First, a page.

Making a Big Hair Change
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Making a Big Hair Change

How to take the leap without regretting it the next day.

Hair is much more than just a beauty feature. The way you choose to wear it is telling of you, your personality, and your lifestyle. Maybe that's why we see a lot of women at the salon who come in wanting to really shake up their life by shaking up their look. No "just a trim" for these clients. What they want is a hair makeover that will illicit "wow!" from everyone they know.

If you're thinking about undertaking a dramatic change in your hair's appearance, there are more than just the psychological implications to consider. The processes required for transforming your hair from one extreme to another can be harmful to hair if you don't do it right. The first step in your hair makeover should always be a consultation with your hairstylist to discuss what you want to do and to develop a strategy for getting there while best preserving hair beauty and health. To get you started, we reviewed some of the challenging makeovers we execute at the salon, and what to expect and watch out for during each.

Brunette to Blonde

Know Before You Go: This transformation is a big challenge to both your colorist and your hair. Count on needing several salon visits, and many hours in the chair, to create the look in a way that pleases you, and keeps hair strong, which should always be the goal. Be sure to treat hair several times before and after your coloring with salon protein conditioning treatments (ask for Vita-cement by Kerastase) to keep hair in its best condition.

Process with Caution: Steer away from color specialists who say you can go from brunette to blonde in one or two swift processes. It can be done, but not without major damage to hair. When consulting with colorists, look for someone who advises a multistep strategy of several mild processes to gradually get you to the color you want. Those who already have other processes on hair, like a relaxer or perm, need to work with a colorist experienced in working with damaged hair, and adhere to a super-conditioning regimen pre-process.

Care for Your New Hair: Now more than ever, be sure to give hair all the extra TLC, especially when styling. Treat it to restorative shampoo and conditioners made just for colored hair and visit the salon for regular protein treatments.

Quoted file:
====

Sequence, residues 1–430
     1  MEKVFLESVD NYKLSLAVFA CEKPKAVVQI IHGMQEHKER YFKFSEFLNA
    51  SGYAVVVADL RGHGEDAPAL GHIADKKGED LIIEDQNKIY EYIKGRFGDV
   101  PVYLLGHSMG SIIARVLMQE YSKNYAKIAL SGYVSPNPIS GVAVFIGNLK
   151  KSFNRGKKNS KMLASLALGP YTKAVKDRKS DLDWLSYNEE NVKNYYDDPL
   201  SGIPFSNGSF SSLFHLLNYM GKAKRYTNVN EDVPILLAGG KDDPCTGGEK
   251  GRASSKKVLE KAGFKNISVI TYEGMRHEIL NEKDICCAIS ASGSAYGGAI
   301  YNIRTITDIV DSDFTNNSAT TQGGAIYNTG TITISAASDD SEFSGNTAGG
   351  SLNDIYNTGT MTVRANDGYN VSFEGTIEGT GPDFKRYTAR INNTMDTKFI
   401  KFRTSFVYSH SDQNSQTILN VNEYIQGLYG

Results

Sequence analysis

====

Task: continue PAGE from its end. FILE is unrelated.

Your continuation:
Straight to Curly, and Vice Versa

Know Before You Go: When permanently straight is the way you want to go, the newer Japanese straightening technique, also known as thermal reconditioning, gets you pin-straight results. Ask for a relaxer if you prefer a looser look. The perm, which is making a big comeback, is what to ask for when you want to go curly, or enhance the quality of curls on hair that already has a natural wave. Schedule several fortifying protein treatments for hair before any straightening or waving service.

Process with Caution: Due to the chemical nature of hair straighteners, you will have to wait several weeks after the process before getting hair color or highlights. As for perms, discuss your expectations with your stylist before you begin. The difference in perm results is determined by the rods used; ask for small spiral rods if you want a classic spiral perm, larger rods for long, loose curls.

Care for Your New Hair: Chemically treated hair, whether relaxed, straightened, or permed, needs nurturing care every day. We recommend using only quality, moisturizing shampoos, conditioners, and styling products as well as regular super conditioning protein treatments in the salon.

Short to Long with Hair Extensions

Know Before You Go: Find a stylist who specializes specifically in extensions. They'll need to know the different types of extensions available and be able to determine what will work best with your hair's texture and color for the most natural results. If you want to try the look without making a big commitment, try clip-in "tracks." They can be sewn into your own hair or clipped on for a quick and temporary long hair look.

Process with Caution: Realize that hair extensions are expensive and high-maintenance, and will need to be redone about every six months.

New Hair Care: Follow the care and maintenance instructions of your stylist closely to keep your extensions looking their best.

For more information on Mark Garrison and his New York City salon, go to markgarrisonsalon.com.

Originally published on LHJ.com, March 2006.

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